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  3. If this is your first attempt at photographing birds, I would say that, all in all, I think you are off to a pretty good start. First, you don’t need a super long lens, although it would be a plus if you did. I would say that a minimum of 300mm would be good. Most of my bird shots I have used my 100-400mm zoom. Plus I usually end up doing a bit of cropping when I edit.

    I use the 100-400 because it helps me to be more mobile. If I am sitting in a blind, then I have the opportunity to use my 500mm.

    But getting back to your shots, I think you did excellent on the composition on the 1st scrub jay. The sharpness was a tad off but you can work on that. I suspect that you hand-held the camera. If so, try to set your camera so you use only the CENTER focusing point. Put that dinky little spot on the bird, the eyes, if you can,and fire away. Shoot aperature priority at a large setting, nearly wide open. That will insure you get the fastest shutter speed possible for the exposure. Also, you get a nice blurred background, and that makes the bird stand out even more.

    On the 2nd one of the finches, the female on the window sill i pretty sharp, and with a little creative cropping you could get a good photo without trying to get an extreme close-up.

    That is another female finch in your 3rd picture. You were faced with a difficult lighting situation on that shot. I hate to take pictures when there are those harsh shadows.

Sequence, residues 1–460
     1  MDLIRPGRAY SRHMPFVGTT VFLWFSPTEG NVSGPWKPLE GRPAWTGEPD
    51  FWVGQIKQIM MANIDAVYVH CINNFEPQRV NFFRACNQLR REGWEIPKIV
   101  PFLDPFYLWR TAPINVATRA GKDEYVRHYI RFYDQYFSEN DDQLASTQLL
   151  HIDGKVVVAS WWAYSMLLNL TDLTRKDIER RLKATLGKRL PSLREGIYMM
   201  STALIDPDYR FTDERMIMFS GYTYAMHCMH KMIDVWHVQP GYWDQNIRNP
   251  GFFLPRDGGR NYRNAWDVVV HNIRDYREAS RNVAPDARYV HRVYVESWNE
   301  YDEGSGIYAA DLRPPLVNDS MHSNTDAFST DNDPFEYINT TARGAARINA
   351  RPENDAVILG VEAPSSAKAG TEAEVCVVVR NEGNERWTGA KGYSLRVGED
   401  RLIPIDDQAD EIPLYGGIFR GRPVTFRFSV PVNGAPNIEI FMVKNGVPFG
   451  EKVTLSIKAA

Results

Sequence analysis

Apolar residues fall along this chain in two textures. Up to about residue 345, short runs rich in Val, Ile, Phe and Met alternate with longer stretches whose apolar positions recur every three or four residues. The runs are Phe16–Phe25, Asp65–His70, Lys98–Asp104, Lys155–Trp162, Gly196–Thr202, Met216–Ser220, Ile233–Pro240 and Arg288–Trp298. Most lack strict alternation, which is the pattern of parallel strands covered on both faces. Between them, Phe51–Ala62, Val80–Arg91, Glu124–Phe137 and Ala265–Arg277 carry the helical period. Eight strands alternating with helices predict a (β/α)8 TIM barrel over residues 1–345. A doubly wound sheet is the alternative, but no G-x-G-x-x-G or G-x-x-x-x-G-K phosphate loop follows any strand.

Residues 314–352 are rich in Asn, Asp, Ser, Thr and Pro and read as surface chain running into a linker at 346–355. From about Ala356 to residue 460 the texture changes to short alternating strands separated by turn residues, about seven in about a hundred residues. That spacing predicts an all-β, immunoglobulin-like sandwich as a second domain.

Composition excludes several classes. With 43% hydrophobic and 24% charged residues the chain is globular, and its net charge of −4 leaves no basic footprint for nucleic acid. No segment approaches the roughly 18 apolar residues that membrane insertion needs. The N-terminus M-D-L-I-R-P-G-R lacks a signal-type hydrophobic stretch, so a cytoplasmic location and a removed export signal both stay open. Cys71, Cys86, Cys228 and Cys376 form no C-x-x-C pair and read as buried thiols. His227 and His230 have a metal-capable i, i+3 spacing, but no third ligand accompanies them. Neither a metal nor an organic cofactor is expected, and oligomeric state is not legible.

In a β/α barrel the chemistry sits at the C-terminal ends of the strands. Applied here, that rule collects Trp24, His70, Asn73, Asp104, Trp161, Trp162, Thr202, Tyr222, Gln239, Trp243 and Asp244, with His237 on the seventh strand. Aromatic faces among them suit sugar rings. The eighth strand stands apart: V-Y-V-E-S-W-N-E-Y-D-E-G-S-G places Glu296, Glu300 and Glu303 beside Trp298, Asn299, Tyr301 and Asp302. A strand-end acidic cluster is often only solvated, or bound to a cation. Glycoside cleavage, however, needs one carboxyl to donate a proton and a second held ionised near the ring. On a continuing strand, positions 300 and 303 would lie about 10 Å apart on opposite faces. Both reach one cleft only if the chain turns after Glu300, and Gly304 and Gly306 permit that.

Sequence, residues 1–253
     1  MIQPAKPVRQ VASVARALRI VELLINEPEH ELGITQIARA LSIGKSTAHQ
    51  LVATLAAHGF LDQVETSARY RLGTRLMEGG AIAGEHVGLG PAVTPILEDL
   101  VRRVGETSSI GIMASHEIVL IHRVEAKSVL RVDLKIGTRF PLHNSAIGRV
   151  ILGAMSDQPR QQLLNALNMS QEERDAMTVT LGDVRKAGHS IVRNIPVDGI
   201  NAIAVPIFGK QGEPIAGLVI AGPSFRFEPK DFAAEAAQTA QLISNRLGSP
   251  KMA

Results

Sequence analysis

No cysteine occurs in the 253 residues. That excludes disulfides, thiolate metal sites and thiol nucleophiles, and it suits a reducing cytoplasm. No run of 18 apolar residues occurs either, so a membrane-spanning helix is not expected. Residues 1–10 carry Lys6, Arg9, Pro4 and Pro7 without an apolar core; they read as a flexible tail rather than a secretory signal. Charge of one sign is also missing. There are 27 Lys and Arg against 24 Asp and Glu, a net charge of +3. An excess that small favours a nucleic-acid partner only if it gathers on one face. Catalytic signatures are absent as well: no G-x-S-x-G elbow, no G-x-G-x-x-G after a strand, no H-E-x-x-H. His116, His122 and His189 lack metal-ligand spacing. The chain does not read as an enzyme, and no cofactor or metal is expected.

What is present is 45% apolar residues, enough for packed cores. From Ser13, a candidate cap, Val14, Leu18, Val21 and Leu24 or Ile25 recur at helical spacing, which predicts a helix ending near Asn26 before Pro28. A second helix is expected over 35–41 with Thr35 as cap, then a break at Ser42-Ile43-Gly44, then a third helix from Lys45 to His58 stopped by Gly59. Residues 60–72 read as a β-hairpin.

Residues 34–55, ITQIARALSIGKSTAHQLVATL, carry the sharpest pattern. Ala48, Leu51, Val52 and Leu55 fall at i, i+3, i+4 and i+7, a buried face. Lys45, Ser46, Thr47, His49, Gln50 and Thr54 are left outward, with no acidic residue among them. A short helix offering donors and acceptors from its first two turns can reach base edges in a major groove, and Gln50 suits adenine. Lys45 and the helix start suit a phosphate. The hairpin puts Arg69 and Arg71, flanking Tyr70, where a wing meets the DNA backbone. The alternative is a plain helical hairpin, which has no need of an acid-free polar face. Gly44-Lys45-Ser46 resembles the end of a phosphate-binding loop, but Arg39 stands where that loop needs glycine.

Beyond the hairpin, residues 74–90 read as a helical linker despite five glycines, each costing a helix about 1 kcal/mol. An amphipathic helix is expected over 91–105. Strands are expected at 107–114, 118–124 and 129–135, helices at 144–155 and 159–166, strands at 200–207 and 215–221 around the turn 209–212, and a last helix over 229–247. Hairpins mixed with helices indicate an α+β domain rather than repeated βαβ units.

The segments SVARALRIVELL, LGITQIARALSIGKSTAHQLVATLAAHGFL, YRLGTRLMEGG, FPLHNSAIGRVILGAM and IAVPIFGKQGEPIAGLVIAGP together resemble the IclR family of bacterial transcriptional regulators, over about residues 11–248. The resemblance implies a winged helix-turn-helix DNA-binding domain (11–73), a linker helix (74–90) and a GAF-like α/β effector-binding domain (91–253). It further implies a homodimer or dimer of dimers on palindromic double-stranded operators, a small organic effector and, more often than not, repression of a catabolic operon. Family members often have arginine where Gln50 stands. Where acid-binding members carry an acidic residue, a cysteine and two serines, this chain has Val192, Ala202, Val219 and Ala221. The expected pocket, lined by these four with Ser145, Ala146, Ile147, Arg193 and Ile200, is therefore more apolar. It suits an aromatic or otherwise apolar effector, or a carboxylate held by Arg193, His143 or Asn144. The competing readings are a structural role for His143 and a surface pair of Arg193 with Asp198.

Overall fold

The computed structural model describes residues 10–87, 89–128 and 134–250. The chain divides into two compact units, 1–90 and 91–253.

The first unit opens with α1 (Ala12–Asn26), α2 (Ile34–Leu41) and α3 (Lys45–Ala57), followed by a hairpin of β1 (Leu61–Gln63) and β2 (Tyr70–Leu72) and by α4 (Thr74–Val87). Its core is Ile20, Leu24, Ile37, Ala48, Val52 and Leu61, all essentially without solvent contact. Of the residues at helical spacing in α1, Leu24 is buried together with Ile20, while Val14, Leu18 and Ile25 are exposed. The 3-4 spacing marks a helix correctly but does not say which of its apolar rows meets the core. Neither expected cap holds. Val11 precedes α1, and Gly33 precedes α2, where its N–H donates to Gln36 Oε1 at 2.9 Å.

Another nice shot of the scrub jay in your 4th image. Great composition again, putting th bird towards the right side of the photo.

    And of course, that last photo if really great. I like that soft look that you got there.

    I’ll be looking for more. 🙂

    Bob

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  4. nice shots of the scrub jay

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  5. Additional comments. I noticed that you use the Canon 50D. It is a very fine camera. With those 15MP you will get a large file so it is more adaptive to tighter cropping. If the 135 you own is your longest, for birds you need to st step a bit. Tamron makes an excellent 28-300mm lens with there version of image stabilization. I think Tamron calls it VR. I think it sells for somewhere around 600.00, give or take. I have recommended it some friends of mine and they think it is excellent. With it you could get some excellent images, and with your 15MP you would have room to crop your bird images. And of course that 28-300 would be great for all of your other work, too. It would be a great lens to leave on your camera all of the time.